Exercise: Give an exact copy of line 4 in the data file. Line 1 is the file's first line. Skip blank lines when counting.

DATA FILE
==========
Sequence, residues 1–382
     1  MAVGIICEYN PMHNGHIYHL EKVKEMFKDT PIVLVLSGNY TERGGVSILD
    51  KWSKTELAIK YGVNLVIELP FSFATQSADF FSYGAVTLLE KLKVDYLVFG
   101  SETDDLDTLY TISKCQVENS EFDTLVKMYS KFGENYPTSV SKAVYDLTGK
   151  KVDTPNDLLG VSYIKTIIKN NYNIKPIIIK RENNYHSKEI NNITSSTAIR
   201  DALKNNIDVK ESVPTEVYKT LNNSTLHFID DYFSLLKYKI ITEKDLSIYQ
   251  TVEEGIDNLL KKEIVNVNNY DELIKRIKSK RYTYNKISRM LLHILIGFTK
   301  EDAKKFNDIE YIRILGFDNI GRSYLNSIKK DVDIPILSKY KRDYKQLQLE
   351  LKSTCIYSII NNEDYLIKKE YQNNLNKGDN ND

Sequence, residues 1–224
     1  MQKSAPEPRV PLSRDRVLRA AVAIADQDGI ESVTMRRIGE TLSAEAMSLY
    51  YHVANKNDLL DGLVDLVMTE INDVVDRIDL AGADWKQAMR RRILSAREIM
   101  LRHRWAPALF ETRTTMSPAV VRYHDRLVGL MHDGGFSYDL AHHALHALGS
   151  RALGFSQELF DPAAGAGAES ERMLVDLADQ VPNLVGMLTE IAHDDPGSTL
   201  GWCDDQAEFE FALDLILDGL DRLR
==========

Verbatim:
   101  SETDDLDTLY TISKCQVENS EFDTLVKMYS KFGENYPTSV SKAVYDLTGK